Israel’s Ministry of Defense and Israel Aerospace Industries (IAI) have opened a new research center to develop navigation systems that don’t rely on easily disrupted GPS.
As militaries across the world work to provide stronger GPS signals and alternatives, the Advanced Navigation Technology Center will manufacture highly accurate inertial sensors. These sensors will enable the production of next generation navigation systems, and will significantly increase their performance and capabilities.
Brig. Gen. Yaniv Rotem, head of research and development at the ministry’s Directorate of Defense Research and Development, said the center will aid Israel’s technological independence. Their goal is to field an independent solution for navigation that can go long periods of times, through all its missions, without using GPS.
Avi Elisha, general manager for IAI’s division for electro-optical and navigation systems, said the center will use the company’s unique technologies. Only a handful of countries have access to this game-changing technology in the field of inertial navigation.
Beyond helping in GPS-denied environments, IAI systems and sensors that work without satellites also provide more accurate navigation, offering the measurements of a gyroscope and from sensors that track acceleration and distance traveled, according to Zalman, head of technologies and research and development at IAI’s navigation division. The state-owned company did not provide his full name for security reasons. In contrast, he pointed out that satellites don’t provide physical dimensions, just measures from space. If there is a rocket launcher or tank or missile, the azimuth [measurement] to move the turret or elevation of the gun to fire should be known, so navigation gives you the azimuth and roll and the altitude. When the missile or rocket fires, navigation is needed regardless of GPS because it gives altitude to fire the rocket or missile or point the gun to a specific target, this is the advantage of an inertial system. The navigation research center, initiated several months ago, is working on classified unnamed technology developed over the last decade. Zalman said that this technology will enable a range of performances with more accurate sensors, smaller and higher reliability and higher accuracy. He also pointed to the increased threat from drones used as GPS jammers. Hence, for unique applications, GPS can’t be relied on.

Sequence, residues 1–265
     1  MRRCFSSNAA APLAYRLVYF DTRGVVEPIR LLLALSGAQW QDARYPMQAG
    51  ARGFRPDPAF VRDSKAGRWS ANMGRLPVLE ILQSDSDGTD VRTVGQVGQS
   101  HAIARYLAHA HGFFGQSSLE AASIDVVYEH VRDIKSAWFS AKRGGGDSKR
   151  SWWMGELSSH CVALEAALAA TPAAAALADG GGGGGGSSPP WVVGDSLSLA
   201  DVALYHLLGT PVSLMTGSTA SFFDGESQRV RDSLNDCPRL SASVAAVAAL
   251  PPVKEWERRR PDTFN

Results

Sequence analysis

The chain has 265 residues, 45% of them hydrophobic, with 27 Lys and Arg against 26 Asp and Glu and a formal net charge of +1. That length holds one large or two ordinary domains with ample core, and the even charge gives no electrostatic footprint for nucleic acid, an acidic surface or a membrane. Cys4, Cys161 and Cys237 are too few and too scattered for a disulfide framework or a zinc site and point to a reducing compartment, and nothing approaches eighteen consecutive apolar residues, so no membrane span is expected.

IAI predicted that the new technology will overcome size and weight limitations that affected other inertial navigation systems, and will have the needed tactical accuracy. Their goal is to replace existing navigation sensors with new technology in the next 15 years.